This 2021 Women’s History Month we will witness celebrations and highlights of how far women have come, while also highlighting the future for women in the United States and around the world.
I started my career in a traditionally female path as a schoolteacher.
The inspiration and support of my family, as well as my own determination and drive, quickly developed from teacher to principal and owner of a small school.
I could have been content as a teacher as it continues to be one of my passions, but I saw a need for more; and pursued it.
No one in my family had ever been a politician and when we ran my first campaign for the Florida House of Representatives, we had no idea how to even begin.
My dad and I attended a course on how to run a campaign, and we did everything we were told that made any sense to us.
The most important thing we did was to think about what would influence us the most as voters ourselves.
The answer was: a face-to-face visit by the candidate.
We analyzed the streets and residences and decided we could cover the entire district if I walked for six months straight, five days a week.
That hard work paid off and I became the first Hispanic woman elected to the Florida House of Representatives.
I learned a thing or two in my four years in that Chamber and in 1986, I ran for the Florida Senate and became the first Hispanic woman elected to that body.
In 1989, a seat in Congress became available and once again, with the help and support of my family and community, I was elected as the first Hispanic woman to serve in the U.S. Congress.
Every day that I served in Congress I would look at the Chamber and that beautiful Capitol dome and remind myself that it was real.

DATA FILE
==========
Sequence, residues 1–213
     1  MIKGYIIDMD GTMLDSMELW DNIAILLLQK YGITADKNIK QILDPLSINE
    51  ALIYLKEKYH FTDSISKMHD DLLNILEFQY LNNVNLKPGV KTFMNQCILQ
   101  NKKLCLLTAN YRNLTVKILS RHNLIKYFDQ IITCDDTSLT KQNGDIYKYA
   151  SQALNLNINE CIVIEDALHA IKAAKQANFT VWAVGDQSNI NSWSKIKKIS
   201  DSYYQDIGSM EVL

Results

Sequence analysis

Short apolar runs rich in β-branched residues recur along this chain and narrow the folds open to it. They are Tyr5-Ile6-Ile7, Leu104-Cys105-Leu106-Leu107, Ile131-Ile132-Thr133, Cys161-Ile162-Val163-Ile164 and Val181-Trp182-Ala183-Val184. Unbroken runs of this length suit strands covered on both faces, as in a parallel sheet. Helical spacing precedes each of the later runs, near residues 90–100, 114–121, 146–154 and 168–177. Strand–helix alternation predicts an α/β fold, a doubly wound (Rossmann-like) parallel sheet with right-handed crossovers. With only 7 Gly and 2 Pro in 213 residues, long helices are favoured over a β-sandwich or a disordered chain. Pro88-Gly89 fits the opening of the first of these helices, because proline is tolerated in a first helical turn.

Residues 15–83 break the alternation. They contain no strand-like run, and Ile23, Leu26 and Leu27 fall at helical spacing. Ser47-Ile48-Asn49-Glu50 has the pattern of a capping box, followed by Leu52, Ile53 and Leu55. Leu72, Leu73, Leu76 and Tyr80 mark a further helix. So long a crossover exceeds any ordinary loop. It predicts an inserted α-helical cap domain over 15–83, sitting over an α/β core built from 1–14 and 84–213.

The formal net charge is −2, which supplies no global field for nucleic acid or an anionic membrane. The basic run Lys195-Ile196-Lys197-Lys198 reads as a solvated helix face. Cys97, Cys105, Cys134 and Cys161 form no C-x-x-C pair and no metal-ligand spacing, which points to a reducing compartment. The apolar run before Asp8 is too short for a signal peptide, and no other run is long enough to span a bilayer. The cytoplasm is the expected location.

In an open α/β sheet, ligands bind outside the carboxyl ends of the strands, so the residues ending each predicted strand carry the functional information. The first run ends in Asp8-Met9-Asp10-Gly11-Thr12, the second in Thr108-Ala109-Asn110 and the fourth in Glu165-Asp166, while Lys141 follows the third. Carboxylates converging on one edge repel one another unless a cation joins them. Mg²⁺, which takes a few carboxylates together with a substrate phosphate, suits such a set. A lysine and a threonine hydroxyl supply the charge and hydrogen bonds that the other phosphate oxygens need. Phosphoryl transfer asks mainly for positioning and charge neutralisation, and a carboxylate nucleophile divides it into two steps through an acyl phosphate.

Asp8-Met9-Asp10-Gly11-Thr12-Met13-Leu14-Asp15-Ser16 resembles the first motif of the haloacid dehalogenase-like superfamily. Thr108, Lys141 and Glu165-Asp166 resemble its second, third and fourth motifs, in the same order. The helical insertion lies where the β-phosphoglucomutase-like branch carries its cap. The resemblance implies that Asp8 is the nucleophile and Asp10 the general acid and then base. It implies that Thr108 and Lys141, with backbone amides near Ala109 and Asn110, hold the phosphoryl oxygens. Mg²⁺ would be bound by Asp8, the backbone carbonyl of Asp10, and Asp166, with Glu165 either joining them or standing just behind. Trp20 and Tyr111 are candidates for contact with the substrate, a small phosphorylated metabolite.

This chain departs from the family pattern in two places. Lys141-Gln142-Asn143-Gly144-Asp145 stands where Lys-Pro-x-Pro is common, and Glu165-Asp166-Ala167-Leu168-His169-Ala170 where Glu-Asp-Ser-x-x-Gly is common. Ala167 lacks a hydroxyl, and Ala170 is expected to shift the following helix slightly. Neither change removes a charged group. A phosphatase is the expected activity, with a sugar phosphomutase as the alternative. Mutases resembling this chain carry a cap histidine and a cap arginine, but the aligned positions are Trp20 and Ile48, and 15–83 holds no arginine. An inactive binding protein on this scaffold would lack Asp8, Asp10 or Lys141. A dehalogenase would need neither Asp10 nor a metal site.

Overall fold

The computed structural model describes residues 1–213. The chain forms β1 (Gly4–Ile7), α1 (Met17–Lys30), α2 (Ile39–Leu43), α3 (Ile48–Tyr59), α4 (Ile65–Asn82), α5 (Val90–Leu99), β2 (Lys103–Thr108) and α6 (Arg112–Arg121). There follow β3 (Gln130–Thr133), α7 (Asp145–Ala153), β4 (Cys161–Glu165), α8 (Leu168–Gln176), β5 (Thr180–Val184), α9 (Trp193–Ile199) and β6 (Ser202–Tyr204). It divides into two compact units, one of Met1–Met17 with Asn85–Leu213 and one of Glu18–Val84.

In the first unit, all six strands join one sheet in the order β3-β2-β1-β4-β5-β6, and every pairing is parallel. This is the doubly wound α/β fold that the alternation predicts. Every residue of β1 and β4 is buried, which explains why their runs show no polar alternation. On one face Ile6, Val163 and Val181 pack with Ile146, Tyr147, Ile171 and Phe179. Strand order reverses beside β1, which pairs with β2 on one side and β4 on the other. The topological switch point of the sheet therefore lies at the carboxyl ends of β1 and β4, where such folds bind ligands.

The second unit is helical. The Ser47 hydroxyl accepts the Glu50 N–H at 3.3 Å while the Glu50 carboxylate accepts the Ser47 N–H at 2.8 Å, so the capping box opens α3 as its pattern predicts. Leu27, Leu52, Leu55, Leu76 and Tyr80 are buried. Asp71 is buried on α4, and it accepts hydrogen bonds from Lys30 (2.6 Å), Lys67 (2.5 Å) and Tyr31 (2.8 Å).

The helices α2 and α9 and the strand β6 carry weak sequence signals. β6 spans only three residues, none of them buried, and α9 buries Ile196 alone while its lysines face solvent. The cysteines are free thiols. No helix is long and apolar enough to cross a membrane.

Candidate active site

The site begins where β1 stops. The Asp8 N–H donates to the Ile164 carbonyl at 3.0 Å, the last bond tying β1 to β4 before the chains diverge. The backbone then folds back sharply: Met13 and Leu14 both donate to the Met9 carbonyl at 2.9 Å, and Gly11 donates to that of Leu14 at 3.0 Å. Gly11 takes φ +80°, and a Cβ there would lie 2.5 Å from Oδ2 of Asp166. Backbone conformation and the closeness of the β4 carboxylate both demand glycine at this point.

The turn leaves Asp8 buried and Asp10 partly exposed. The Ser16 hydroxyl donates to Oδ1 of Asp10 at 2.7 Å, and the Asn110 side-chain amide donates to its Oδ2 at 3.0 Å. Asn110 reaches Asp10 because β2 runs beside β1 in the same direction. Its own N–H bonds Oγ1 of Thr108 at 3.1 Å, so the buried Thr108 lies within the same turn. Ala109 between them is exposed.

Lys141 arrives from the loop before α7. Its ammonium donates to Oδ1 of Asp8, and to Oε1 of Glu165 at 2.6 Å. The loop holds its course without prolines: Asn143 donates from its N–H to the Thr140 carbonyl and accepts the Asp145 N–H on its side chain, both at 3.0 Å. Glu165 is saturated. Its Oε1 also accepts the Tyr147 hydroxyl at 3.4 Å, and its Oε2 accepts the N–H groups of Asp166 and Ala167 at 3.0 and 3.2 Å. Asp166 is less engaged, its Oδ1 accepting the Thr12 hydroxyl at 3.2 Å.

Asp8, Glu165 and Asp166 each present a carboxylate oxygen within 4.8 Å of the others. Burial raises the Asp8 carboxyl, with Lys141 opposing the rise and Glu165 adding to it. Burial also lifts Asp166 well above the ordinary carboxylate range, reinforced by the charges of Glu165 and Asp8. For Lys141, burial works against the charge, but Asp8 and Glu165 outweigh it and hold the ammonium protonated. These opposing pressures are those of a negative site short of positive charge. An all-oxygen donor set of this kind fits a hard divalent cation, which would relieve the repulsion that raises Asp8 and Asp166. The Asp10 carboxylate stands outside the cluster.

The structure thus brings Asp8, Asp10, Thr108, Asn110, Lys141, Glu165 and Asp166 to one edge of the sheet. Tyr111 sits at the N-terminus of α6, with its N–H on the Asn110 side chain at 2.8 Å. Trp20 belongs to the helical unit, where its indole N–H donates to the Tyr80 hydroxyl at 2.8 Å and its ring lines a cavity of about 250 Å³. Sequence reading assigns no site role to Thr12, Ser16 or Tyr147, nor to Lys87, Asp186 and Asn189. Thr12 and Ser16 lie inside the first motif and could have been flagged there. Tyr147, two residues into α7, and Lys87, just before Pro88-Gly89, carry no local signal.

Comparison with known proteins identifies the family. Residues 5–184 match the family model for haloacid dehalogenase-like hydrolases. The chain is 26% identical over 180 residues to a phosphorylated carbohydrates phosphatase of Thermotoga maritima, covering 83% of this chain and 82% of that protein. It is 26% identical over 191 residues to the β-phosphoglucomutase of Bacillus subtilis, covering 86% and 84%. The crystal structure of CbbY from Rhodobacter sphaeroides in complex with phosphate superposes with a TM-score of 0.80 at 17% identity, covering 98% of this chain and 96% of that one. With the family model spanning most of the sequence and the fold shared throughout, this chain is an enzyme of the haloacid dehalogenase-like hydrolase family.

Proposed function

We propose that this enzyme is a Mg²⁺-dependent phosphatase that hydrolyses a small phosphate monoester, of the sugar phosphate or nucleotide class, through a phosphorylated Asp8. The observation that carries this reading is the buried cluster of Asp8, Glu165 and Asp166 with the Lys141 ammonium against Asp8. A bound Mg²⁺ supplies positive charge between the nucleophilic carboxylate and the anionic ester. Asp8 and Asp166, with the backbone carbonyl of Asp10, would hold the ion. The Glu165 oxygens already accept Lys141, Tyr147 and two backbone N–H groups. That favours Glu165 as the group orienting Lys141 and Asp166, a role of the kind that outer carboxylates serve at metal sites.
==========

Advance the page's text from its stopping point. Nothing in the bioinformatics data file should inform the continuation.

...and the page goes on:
A refugee who did not speak a word of English when she arrived in the U.S., had the privilege of serving in this legislative body.
When I arrived in Congress in 1989, I was one of only a handful of women members.
I did not let that intimidate me and I worked hard and learned from my colleagues.
In the nearly 30 years that I was privileged to represent our beautiful and diverse South Florida community, I was glad to see more and more women running for office and joining the ranks of elected representatives across city, state, and federal positions.
Every day, we witness women removing more and more barriers, and blazing the trail for future generations.
Girls and young women can look at every sector of society including business, technology, politics, and our armed forces to see a world full of possibilities.
However, there is still much work to be done to ensure that more and more women seek higher education and secure jobs in every area.
We must each do all we can to encourage young women everywhere to pursue the career of their choice and dreams.
Each one of us has the responsibility and privilege of mentoring, inspiring and encouraging young women to become involved in their communities around the world.
One person can make a difference.
We can all be leaders and changemakers; no fancy title required.
In today’s global economy, we must each do more to empower women from every corner of the world to follow their dreams, provide the tools needed for them to succeed and continue to break glass ceilings and barriers.
Working toward gender equality can bring about transformational change across a wide variety of sectors.
We must come together and continue to fight for women’s rights and inclusion at every level of decision making to inspire future generations of women.
We can all be heroes and sheroes if we accept the challenge to work day in and day out to continue to motivate, mentor and prepare the next generation of leaders.
I encourage you – all of you but especially women among you – to accept this exciting challenge.